Java enthusiasts rejoice! While you may have been skipping out on that third mug of coffee for fear of having heart palpitations, the latest research actually shows no connection between caffeine consumption and arrhythmia.
In this study published last year in the Journal of the American Heart Association, scientists did not find any link between caffeine intake and premature cardiac contractions, or extra beats that disrupt your heart’s normal rhythm. These premature contractions can be further categorized as atrial (PAC) or ventricular (PVC). The same research group had previously determined a relationship between PACs/PVCs and increased risk of atrial fibrillation, heart failure, and death.
In the investigation, 1416 members of the Cardiovascular Health Study (CHS) were randomly recruited from the original pool of nearly 6000 subjects. Participants indicated the frequency with which they consumed certain items by arranging a series of cards depicting common foods and beverages, including coffee, tea, and chocolate. Over 60% of all subjects reported daily consumption of a caffeinated food or beverage. The electrical activity of each participant’s heart was then tracked for 24 hours via a portable electrocardiogram (EKG) monitor. Data analysis revealed nothing that suggested caffeine could cause increased incidence of PACs/PVCs. Even when researchers accounted for additional lifestyle factors that are known to affect the frequency of these occurrences, they did not find any meaningful connection. The rate of premature contractions essentially stayed the same across all groups, no matter how often each consumed caffeinated products.
Study Strengths and Limitations:
The study is unique in that it is the largest to date that examines dietary habits in relation to PAC/PVC activity utilizing EKG monitoring. Furthermore, the methods used to capture participants’ eating and drinking patterns, specifically the use of food frequency questionnaires, had been validated in earlier studies against previously established, similar approaches.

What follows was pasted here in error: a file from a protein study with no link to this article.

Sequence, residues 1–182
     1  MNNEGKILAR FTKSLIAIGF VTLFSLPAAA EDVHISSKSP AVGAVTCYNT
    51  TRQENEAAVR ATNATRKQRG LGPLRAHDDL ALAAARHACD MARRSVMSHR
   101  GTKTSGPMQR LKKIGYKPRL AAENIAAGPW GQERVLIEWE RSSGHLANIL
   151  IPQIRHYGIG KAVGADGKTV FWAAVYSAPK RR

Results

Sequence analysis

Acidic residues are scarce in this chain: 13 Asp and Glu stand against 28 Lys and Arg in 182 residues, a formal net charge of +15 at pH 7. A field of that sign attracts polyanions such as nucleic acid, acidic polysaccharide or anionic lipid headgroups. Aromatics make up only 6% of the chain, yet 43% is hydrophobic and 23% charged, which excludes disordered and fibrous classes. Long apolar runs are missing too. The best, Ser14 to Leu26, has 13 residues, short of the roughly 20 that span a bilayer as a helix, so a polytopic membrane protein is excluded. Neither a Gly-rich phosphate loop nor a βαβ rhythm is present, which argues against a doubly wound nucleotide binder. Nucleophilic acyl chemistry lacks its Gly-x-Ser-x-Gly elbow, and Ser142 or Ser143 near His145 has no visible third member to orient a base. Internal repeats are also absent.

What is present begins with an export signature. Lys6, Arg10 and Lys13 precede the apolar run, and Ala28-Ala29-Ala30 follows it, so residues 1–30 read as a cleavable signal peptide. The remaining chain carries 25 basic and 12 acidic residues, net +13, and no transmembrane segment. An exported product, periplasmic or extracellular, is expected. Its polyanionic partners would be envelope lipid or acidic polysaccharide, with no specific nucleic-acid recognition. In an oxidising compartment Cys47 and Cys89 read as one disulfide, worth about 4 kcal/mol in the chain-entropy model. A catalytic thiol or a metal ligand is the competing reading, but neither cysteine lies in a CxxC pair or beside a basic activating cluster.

However, it is equally important to recognize the limitations of the study in addition to its strengths. The most obvious drawback is the use of self-report data, which is subject to a number of factors that might skew participant responses (including poor memory and other biases), to determine average caffeine consumption. Additionally, the food-sort approach used in the study did not account for what study participants consumed directly before or during the monitoring period, which may have affected the EKG results. Lastly, researchers were unable to calculate total caffeine intake, instead relying on self-reported frequency of caffeinated product consumption.
We should all know the effects of what we’re putting into our bodies, and caffeine is no exception. An astonishing 85% of Americans reported consuming caffeine on a daily basis in a separate study. We want to make the best possible recommendations, and shying away from caffeine based on unsubstantiated reports may do more harm than good. Refer to our previous Sound Science blog post that explores the health benefits of caffeine, which include combating inflammation and even reducing the risk of some chronic diseases!
So if you feel your heart skipping a beat, just know that it’s not that cup of Joe you had this morning.